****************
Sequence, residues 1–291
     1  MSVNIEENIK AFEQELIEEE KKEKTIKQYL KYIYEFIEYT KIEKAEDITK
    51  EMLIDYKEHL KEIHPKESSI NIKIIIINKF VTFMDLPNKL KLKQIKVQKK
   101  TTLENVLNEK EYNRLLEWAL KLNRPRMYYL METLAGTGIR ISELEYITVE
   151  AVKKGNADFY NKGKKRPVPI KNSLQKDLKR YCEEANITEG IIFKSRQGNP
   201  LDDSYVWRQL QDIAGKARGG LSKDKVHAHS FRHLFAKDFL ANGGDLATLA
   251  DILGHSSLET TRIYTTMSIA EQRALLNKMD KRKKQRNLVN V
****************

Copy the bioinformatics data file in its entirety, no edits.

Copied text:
Sequence, residues 1–291
     1  MSVNIEENIK AFEQELIEEE KKEKTIKQYL KYIYEFIEYT KIEKAEDITK
    51  EMLIDYKEHL KEIHPKESSI NIKIIIINKF VTFMDLPNKL KLKQIKVQKK
   101  TTLENVLNEK EYNRLLEWAL KLNRPRMYYL METLAGTGIR ISELEYITVE
   151  AVKKGNADFY NKGKKRPVPI KNSLQKDLKR YCEEANITEG IIFKSRQGNP
   201  LDDSYVWRQL QDIAGKARGG LSKDKVHAHS FRHLFAKDFL ANGGDLATLA
   251  DILGHSSLET TRIYTTMSIA EQRALLNKMD KRKKQRNLVN V